What comes to mind when you hear the term Cerebral Palsy? For me, it’s a list of stereotypical attributes that I myself, having been diagnosed with mild Cerebral Palsy don’t even have. This in and of itself is enough for me to know there is a significant misunderstanding of Cerebral Palsy among the general public. Physicality is only part of who people are, not the whole, but our physical bodies do factor into the equation of public presentation. It’s imperative for the able-bodied as well as adaptive to remember that our physical makeup is not our identity. It certainly isn’t mine.
Lately, I’ve come in contact with so many humans who abolish what others may think of those who have Cerebral Palsy and I thought it might be fun to share their stories on a platform where others could get to know them.
Perhaps, a better understanding can be brought to the topic of Cerebral Palsy. Perhaps as a writer, I can help adjust the narrative but no one ever achieves anything great alone. Our minds fail to flourish when we focus on the negative so why label things that way? Disappointed, despair, disingenuous, disgusting, disturbing and then there is ‘disability.’ Why the negative prefix? Why not ability? ‘Dis’ takes away from the greatness that is attached. That’s what this Mindless Peace series aims to do, highlight the abilities of those with Cerebral Palsy. Why dis anything?
Let’s start with John, he lives in a beautiful state and drives an even more beautiful car, a Dodge Challenger. He also happens to be a bodybuilder. Constructing the temple he lives in now took many years but as the pictures below prove, hard work pays off.
I’ve always been physically active because my friends and family always made sure I never used my disability as an excuse to not be outside and making friends and I also played sports in high school.-John
1.Mindless Peace: How would you explain your diagnosis of Cerebral Palsy?
John: I have diplegia which affects my lower body mainly and I sometimes have trouble controlling my right arm and hand if I get really nervous.
2.Mindless Peace: How have others explained your diagnosis of Cerebral Palsy?
John: I’ve always heard I just had Cerebral Palsy. I actually did my own research and found out what type of CP I have.
3.Mindless Peace: How do you define strength?
John: I define strength as being able to overcome obstacles in your life regardless of what limitations or disadvantages you may have. And personally, that’s my greatest strength because no matter how strong [I am] or how much weight I can lift, not letting my disability dictate what I can and can’t do is my greatest strength.
4.MP: How do you define weakness?
J: Weakness to me is giving up. Weakness is something that I believe only applies to someone who gives up who just accepts failure and doesn’t push through or try again.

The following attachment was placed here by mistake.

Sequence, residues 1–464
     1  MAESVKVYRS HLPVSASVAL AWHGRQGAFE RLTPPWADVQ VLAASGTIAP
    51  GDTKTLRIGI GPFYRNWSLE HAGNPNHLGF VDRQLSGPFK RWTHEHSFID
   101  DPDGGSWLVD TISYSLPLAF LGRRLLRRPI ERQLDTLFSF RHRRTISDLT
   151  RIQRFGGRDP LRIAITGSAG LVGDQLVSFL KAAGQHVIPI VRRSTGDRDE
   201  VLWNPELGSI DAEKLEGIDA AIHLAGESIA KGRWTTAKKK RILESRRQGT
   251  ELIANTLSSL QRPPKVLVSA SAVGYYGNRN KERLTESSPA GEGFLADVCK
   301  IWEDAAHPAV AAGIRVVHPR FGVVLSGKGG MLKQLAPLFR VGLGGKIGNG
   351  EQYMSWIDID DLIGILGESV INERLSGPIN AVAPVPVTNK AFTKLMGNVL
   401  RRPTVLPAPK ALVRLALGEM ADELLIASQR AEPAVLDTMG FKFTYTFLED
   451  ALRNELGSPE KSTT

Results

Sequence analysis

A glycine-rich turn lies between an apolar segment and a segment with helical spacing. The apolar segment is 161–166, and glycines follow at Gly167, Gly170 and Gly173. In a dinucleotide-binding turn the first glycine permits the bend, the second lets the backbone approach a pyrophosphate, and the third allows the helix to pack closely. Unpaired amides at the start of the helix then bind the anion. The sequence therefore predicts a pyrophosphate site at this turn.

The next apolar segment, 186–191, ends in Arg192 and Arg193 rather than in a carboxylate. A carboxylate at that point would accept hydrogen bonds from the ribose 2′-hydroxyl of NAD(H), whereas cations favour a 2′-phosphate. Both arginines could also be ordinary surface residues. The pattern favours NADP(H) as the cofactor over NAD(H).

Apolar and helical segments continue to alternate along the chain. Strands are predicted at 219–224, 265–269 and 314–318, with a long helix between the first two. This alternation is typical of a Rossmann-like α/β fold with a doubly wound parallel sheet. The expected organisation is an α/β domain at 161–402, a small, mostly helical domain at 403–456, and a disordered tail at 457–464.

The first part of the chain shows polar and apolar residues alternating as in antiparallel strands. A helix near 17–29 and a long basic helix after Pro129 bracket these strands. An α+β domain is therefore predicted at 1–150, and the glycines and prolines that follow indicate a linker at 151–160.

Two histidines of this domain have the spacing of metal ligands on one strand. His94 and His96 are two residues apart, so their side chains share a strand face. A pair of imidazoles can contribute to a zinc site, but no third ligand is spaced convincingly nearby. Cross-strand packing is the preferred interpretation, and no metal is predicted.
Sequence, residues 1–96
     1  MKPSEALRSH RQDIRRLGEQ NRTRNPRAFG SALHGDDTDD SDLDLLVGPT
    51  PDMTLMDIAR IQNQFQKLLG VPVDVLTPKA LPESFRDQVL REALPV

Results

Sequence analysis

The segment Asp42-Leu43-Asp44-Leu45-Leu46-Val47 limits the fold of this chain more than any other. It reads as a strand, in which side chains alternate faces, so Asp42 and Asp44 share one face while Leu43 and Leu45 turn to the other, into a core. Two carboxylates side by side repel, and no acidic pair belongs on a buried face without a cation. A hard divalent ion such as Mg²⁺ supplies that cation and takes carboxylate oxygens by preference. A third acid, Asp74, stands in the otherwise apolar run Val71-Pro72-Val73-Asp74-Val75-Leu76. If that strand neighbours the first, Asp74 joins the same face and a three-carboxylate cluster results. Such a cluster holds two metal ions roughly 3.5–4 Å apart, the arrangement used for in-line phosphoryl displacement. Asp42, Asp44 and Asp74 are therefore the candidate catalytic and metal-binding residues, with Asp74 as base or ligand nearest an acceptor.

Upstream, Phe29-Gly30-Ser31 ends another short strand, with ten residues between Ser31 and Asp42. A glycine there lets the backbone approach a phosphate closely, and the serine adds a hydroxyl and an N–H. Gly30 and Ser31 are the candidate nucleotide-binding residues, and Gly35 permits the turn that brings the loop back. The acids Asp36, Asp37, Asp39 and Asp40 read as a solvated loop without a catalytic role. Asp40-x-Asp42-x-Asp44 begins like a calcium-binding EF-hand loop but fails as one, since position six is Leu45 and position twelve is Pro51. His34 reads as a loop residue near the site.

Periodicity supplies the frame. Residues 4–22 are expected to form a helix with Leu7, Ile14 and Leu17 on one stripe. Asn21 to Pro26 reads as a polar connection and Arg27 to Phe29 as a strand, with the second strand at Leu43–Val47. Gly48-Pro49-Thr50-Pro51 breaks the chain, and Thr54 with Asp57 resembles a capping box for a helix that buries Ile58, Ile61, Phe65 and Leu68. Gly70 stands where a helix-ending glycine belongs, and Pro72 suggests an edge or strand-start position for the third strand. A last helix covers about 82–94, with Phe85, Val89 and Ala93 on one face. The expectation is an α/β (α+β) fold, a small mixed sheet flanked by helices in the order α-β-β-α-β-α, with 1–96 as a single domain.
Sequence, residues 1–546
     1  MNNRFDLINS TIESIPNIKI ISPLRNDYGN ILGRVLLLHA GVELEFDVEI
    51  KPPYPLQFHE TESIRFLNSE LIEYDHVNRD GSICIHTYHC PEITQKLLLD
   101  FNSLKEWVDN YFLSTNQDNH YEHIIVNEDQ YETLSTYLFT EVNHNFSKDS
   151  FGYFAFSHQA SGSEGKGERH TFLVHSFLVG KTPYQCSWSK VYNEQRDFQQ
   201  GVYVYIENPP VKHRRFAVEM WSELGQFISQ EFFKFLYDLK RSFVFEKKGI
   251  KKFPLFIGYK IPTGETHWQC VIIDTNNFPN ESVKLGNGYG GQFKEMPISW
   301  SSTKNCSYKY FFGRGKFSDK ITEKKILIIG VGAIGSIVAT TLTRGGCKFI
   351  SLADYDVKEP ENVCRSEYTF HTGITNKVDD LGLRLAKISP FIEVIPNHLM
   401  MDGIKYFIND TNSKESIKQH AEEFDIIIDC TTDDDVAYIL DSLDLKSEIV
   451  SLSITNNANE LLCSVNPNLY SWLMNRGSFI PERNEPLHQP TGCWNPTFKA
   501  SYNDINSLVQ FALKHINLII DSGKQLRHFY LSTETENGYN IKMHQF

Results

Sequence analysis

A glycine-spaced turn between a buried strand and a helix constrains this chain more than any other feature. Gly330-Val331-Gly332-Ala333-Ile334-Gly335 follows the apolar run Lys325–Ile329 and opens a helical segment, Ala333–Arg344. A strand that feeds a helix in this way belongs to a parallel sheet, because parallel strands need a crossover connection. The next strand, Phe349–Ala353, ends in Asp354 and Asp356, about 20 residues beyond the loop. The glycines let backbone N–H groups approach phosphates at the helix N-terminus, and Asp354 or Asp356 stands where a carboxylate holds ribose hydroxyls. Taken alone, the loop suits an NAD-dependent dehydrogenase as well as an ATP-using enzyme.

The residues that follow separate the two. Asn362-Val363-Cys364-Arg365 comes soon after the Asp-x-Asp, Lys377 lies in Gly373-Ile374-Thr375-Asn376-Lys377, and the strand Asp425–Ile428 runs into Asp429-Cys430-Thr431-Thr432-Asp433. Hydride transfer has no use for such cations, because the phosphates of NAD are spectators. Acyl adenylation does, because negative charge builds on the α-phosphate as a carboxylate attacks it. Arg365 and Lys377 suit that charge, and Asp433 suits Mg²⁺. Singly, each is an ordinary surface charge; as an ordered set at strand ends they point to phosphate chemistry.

5.MP: Do you find that your strengths and/or weakness are related to your disability, how?
John: I do, my disability has shaped me and really shaped my train of thought and how I view the world. To me, true strength isn’t about just being physically strong. To me it’s more about mental strength because I’ve met so many people, strong-willed individuals who regardless of their situation, they are smiling, happy, and making the best with what they [have] and that inspires me to always do my best, to be as great as I can be, and not give myself any excuses.
6.MP: What made you want to focus on bodybuilding in spite of your condition?
J: I’ve always been physically active because my friends and family always made sure I never used my disability as an excuse to not be outside and making friends and I also played sports in high school so I already had a good foundation but then I got into a car accident which really affected my lower back along with my CP and I needed the motivation to get back in shape so I set a goal to step on stage and compete in a show in May of 2017.
Photos of John from April 2019.
7.MP: How do you feel about the word ’disability’?
J: To me, it’s just a word. I don’t get offended by it and I have no problem when people use the word.
8.MP: In your point of view, what, if any, are the advantages of living with Cerebral Palsy and what are the disadvantages?
J: I mean it’s hard to say but without being diagnosed and living with CP I wouldn’t be the person I am today or potentially having the opportunity to meet so many amazing and inspiring people. But honestly having CP has not made any aspect of my life easier compared to if I didn’t have CP. I mean work, dating, etc. it’s like right away people are judging me (intentionally or unintentionally) before ever getting to know me.
9.MP: Based on your own experiences, how do you feel the world responds to you as a person?
J: Honestly, for the most part, the world responds to me in a way that is polite and nice but still not fully being aware of what CP is. I have to constantly deal with misconceptions people assuming what I can/can’t do. I will say that as I’ve gotten older it seems that I do get fewer stares when I’m shopping or just out and about.
10.MP: If there was one thing you could change about the way society views Cerebral Palsy, what would that be and why?
…it’s like right away people are judging me (intentionally or unintentionally) before ever getting to know me.-John
J: Just treat me and anyone else with Cerebral Palsy as you would treat anyone who doesn’t have it. I’m a human being just like everyone else.
Find John on Instagram @thestun24
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